Butch-For-Blog-113x150thumbnail_Fire Burns Next To Colorado Riverby Butch Meriwether

The Bureau of Land Management (BLM) transferred the Topock Fire incident command over to the US Fish and Wildlife Services (WFS) as a Type 4 Incident Fire on Saturday, April 9, 2016.

A Type 4 Incident Fire is when a few resources of several individuals or a single strike team are utilized to battle the fire that remains.

According to WFS officials in the Havasu National Wildlife Refuge Field Office in Needles, Calif., the fire is now 100 percent contained, however, there are a few hot spots still remaining.

Fighters from Mohave Valley Fire District (MVFD) originally responded at 4:30 a.m., Wednesday, April 6, 2016, to the fire that began between Dike Road and Route 66 in the Havasu National Wildlife Refuge.

The fire ultimately consumed more than 2,200 acres, and because of the complexity, scope and location of the wild land fire, units from Mohave Valley, Fort Mohave Mesa, Pinion Pines, Golden Valley, Golden Shores, Bullhead City, Beaver Dam-Littlefield, Buckskin, San Bernardino County, BLM, Arizona Game and Fish (AZGF), the State of Arizona, U.S. Forest Service and a team of 20 inmates from the Yuma, Ariz. Wild Land Firefighting Unit were called into action to help fight the blaze that spread to both sides of the Colorado River.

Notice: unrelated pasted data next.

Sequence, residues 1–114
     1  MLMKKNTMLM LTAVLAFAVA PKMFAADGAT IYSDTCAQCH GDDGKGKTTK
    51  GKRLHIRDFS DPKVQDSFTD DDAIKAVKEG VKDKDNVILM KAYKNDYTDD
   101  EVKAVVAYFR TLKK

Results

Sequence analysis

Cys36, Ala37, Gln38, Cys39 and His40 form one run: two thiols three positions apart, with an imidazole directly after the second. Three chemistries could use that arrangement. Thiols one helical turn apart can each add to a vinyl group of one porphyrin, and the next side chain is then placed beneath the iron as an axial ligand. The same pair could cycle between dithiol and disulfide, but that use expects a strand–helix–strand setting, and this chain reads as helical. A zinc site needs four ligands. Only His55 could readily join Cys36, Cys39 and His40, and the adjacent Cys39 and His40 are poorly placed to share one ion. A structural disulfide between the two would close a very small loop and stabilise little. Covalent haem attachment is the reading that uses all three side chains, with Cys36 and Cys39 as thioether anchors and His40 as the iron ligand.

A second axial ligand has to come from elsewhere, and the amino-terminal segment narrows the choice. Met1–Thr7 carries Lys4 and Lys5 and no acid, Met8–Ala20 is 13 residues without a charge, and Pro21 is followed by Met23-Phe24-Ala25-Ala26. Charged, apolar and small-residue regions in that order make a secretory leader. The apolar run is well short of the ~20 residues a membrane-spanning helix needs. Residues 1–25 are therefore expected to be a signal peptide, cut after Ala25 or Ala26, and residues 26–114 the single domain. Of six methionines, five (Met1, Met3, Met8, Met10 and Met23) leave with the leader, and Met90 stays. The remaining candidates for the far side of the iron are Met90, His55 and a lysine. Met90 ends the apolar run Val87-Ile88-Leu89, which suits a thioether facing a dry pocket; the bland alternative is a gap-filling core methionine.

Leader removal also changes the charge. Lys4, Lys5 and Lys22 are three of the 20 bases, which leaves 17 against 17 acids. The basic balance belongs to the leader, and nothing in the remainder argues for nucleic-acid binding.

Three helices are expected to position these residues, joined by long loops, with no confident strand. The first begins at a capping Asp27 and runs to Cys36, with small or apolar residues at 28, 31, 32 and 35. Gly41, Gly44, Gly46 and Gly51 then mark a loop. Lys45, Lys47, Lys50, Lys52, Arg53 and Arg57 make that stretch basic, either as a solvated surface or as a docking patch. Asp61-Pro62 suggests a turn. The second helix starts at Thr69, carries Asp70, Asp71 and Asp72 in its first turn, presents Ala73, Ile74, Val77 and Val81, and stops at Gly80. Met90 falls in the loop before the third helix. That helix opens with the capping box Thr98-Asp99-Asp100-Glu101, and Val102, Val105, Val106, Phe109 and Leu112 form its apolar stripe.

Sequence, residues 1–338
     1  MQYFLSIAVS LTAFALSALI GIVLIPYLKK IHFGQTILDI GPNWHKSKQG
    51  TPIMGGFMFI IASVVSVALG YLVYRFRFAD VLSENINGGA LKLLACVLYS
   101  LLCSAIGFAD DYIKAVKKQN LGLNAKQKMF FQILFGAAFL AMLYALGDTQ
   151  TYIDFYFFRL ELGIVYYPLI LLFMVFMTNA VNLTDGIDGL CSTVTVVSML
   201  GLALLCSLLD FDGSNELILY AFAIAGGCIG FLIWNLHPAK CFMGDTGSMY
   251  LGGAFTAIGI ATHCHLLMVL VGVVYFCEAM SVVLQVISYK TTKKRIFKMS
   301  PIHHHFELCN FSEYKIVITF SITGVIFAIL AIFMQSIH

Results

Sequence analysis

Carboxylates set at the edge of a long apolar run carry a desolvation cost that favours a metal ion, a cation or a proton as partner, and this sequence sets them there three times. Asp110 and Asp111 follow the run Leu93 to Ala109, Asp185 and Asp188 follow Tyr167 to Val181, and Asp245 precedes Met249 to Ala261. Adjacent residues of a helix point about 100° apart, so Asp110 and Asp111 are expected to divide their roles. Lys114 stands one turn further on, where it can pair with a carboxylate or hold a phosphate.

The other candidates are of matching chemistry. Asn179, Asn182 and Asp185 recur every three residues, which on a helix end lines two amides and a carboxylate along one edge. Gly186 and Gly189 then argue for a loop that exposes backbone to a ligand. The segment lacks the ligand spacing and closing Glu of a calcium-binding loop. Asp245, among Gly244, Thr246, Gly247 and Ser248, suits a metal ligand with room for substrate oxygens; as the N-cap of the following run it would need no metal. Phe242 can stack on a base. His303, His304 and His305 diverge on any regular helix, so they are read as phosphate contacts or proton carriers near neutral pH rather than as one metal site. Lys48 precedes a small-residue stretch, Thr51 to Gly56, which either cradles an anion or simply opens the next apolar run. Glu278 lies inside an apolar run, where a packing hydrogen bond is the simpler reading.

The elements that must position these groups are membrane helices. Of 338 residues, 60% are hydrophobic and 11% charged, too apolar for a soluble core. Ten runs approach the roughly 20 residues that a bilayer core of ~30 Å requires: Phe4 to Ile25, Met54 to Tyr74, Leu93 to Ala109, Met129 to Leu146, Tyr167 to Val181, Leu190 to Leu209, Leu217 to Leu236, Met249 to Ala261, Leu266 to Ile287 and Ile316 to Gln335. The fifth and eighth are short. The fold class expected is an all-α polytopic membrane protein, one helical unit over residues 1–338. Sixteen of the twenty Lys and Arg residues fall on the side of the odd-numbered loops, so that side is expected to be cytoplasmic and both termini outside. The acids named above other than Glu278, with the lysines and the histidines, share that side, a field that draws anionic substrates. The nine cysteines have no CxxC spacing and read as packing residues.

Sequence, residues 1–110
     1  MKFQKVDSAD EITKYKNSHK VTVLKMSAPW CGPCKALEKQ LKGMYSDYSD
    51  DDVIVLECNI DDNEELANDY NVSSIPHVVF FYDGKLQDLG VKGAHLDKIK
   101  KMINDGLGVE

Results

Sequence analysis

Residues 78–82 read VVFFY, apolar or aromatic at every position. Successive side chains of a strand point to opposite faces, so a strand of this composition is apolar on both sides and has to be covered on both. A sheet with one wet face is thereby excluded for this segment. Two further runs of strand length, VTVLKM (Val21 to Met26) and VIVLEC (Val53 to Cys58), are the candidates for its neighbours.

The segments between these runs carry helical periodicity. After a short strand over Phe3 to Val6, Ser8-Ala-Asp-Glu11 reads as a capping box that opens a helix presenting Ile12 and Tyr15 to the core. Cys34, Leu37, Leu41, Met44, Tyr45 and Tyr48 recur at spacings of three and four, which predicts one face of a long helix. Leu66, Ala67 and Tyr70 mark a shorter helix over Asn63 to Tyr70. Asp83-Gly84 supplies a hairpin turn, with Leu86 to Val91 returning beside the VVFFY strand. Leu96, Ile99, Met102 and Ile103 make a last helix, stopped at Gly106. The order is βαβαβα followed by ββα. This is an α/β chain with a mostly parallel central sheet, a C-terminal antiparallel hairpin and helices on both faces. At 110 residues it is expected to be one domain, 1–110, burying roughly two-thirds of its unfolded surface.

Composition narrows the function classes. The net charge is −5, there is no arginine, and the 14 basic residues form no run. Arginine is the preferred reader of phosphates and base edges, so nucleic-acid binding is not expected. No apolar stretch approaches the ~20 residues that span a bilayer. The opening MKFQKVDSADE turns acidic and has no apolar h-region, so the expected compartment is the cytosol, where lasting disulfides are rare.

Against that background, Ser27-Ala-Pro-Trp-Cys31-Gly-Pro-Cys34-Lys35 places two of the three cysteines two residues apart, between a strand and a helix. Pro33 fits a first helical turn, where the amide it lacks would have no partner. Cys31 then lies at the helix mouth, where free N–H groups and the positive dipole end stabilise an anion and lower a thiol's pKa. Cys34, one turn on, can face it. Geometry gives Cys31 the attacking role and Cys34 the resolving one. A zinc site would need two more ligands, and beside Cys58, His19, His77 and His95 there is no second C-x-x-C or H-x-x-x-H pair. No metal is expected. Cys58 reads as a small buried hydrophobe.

Originally called the South Fire by Fort Mohave Mesa Fire District Battalion Chief Kevin Smith who was the first incident commander on scene; the name

was changed to the Topock Fire when the Bureau of Land Management took over operational control of the incident.

There were a total of 165 firefighters and support staff that participated in the Topock Fire that was fueled predominantly by Salt Cedar and Mesquite trees in addition of other river bottom vegetation.

When the BLM, State of Arizona and AZGF arrived on scene, the following incident command units were assigned: AZGF was in charge of the Arizona side, San Bernardino County was in charge of the California side and BLM was the overall fire incident command.

“The National Wildlife and Fish Service turned over the day-to-day responsibility of monitoring and extinguishing the hotspots to us,” said Mohave Valley Fire District Fire Chief Ted Martin. “I estimate that our firefighters will remain on patrol in the area through the end of this week.

“I would like to thank all the government resources that helped extinguished the fire, the community for its support and my department for their efforts in controlling the blaze,” Martin said.